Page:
id your grandmother force you to gargle with hot saltwater whenever you were afflicted with a bad cough? Did your father whip up a concoction of water, mint leaves and cinnamon bark when you complained of an upset stomach? We all have stories of home remedies we were compelled to ingest by well-meaning parents and relatives. But is there any merit to such remedies? We rounded up eight common South Asian home remedies and talked with Dr. Rita Ahuja, a board of trustees member of the American Association of Physicians of Indian Origin, to find out how these remedies are able to deliver the promised results.
For the common cold or flu
Remedy: Boil a few leaves of holy basil, black peppercorns, crushed cloves and a bit of crushed ginger in one cup of water. When the mixture becomes dark brown, add one teaspoon of honey and sip while it is piping hot.
Why it works: Basil leaves are a digestant, and they’re also immuno-modulators that boost the immune system. Black peppercorns are antipyretics which reduce fever, and cloves contain eugenol, a molecule that acts as a local anesthetic. Ginger is an expectorant and, adds Dr. Ahuja, is an aromatic that just “generally makes you feel good.” The honey acts as an antibiotic, coating the stomach lining from irritants.
Remedy: In one cup of warm milk, mix a pinch of turmeric, 1/4 teaspoon crushed black pepper and one teaspoon of sugar. Sip it while hot.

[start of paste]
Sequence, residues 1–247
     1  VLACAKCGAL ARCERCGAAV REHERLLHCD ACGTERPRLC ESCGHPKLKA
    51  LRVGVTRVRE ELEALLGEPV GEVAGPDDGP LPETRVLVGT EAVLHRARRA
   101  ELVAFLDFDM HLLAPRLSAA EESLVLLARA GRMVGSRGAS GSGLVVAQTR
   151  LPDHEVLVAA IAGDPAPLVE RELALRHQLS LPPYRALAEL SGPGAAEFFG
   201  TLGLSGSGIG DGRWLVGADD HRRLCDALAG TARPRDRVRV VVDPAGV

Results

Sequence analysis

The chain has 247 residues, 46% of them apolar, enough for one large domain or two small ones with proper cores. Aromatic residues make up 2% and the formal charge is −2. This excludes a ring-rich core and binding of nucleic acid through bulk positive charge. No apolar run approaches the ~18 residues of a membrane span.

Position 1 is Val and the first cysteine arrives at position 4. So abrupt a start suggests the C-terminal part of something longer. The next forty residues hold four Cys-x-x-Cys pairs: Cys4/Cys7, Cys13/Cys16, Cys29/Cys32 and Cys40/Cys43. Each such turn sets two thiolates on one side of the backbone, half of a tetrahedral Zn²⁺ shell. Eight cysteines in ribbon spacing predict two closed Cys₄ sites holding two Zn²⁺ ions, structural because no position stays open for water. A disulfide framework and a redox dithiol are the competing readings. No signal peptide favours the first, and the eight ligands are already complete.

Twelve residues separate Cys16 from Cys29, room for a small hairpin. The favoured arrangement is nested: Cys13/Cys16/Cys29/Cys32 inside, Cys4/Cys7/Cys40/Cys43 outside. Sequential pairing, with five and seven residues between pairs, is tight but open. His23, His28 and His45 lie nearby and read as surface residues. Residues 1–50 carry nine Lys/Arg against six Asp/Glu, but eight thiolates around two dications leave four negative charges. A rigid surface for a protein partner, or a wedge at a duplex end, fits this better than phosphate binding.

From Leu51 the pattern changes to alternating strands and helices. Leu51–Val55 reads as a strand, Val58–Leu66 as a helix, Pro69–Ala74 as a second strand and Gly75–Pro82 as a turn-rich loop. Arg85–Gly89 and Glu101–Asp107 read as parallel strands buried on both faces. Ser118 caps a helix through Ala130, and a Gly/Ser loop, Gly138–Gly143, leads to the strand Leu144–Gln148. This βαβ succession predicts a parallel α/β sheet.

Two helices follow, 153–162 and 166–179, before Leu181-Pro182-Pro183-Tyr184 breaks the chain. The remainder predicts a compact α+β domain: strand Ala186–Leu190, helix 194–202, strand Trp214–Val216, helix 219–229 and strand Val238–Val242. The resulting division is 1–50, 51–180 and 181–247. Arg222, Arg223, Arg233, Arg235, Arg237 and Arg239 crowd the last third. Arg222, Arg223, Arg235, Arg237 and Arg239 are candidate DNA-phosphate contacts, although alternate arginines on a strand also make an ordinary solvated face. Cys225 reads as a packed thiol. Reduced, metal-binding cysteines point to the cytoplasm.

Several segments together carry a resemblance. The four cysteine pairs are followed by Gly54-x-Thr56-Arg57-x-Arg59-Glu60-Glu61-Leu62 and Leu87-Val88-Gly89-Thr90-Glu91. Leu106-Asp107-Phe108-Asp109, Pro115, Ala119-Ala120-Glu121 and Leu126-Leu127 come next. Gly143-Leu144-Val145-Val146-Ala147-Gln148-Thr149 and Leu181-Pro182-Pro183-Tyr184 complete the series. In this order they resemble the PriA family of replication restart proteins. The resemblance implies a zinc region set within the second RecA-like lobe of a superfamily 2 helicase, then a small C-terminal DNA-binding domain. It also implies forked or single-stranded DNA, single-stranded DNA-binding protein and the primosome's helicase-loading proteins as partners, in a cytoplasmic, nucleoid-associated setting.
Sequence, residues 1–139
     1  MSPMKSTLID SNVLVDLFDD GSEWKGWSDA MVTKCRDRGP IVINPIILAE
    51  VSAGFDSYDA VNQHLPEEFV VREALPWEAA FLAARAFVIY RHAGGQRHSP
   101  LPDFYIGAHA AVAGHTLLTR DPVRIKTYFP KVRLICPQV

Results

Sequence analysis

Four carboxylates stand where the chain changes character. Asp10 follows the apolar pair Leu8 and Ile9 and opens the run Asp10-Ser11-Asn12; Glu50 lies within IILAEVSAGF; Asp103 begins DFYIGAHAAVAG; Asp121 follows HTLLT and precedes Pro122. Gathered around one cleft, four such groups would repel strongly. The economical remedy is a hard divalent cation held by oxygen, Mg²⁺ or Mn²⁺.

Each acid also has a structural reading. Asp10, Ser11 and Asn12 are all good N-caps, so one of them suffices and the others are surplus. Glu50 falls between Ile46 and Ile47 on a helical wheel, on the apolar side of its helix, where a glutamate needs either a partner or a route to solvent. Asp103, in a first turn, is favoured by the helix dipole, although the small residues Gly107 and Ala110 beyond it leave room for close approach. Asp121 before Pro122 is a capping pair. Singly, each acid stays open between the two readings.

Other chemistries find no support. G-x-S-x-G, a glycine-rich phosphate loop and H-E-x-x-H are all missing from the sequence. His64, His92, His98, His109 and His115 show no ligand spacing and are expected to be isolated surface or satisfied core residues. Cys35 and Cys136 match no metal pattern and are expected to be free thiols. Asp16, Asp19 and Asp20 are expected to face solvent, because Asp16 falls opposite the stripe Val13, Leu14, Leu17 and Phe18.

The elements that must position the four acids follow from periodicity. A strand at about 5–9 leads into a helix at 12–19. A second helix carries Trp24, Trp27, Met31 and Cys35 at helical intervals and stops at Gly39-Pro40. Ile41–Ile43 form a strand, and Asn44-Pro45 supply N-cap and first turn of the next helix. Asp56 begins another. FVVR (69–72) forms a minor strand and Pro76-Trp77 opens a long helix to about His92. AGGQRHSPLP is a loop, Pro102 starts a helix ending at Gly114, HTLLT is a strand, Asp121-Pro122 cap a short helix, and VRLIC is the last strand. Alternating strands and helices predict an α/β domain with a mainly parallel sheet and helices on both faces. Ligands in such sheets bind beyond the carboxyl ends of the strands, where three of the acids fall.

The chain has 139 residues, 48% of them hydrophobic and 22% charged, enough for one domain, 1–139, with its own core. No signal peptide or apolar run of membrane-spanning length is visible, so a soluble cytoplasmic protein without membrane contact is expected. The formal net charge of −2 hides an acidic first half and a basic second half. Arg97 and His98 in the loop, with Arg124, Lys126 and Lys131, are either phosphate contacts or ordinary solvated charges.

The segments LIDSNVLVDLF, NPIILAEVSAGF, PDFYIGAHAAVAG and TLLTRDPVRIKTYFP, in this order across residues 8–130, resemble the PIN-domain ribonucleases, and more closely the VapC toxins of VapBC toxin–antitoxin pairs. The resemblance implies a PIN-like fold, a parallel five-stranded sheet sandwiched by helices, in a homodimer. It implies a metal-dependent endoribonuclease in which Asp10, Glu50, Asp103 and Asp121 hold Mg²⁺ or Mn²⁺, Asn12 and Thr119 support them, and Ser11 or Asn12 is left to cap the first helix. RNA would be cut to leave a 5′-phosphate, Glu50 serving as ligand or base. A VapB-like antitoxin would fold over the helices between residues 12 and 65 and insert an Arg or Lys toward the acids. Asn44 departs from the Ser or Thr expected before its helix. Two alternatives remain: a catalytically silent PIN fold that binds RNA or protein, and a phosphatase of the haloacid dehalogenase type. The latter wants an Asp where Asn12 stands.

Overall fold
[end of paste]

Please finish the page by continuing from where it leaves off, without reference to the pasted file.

Why it works: Turmeric has both antiseptic and anti-inflammatory effects, and the sugar in the mixture retains latent heat, which is soothing.
Remedy: Add one teaspoon of chopped ginger to one cop of water; boil. Strain the mixture, add one teaspoon of sugar, and sip while hot.
Why it works: The combination of ginger’s feel-good qualities and the heat of the mixture have a potent effect.
For a sore throat or cough
Remedy: Add one teaspoon of cinnamon powder and one teaspoon of honey to one cup of water. Sip it to ease a sore throat.
Why it works: Cinnamon isn’t just for cooking. It also counteracts bacteria. Combine that with the soothing effects of honey and a sore throat is sure to feel better.
Remedy: Add 10 holy basil leaves to 1 1/2 cups of water. Boil for 10 minutes. Add the juice of one lemon (strained). Sip while hot.
Why it works: We know the holy basil boosts the immune system, but lemon is pretty impressive, too. Lemon stimulates blood circulation (a good thing when you’re sick), and its potassium soothes muscles while its Vitamin C aids the immune system.
For stomach ailments
Remedy: To treat diarrhea, mix 1 tablespoon powdered cinnamon bark with one cup of hot water. Steep for 10 to 15 minutes.
Why it works: Cinnamon, a natural astringent, dries up your bowel. It also acts as a caminative agent, helping to relieve gas and aid digestion.
Remedy: For stomach pains, add five mint leaves to two cups of water; boil. Add two teaspoons honey and sip while hot.
Why it works: Mint contains atropine, a compound that decreases muscle spasms (thus alleviating stomach pains).
Remedy: In two cups water, add a pinch each of oregano, cumin and rock salt plus a few drops of lemon juice. Boil. Sip while warm to alleviate stomach discomfort.
Why it works: Oregano is a digestant, and it boosts the immune system. Cumin aids digestion, and rock salt contains magnesium and other minerals that can relieve stomach discomfort.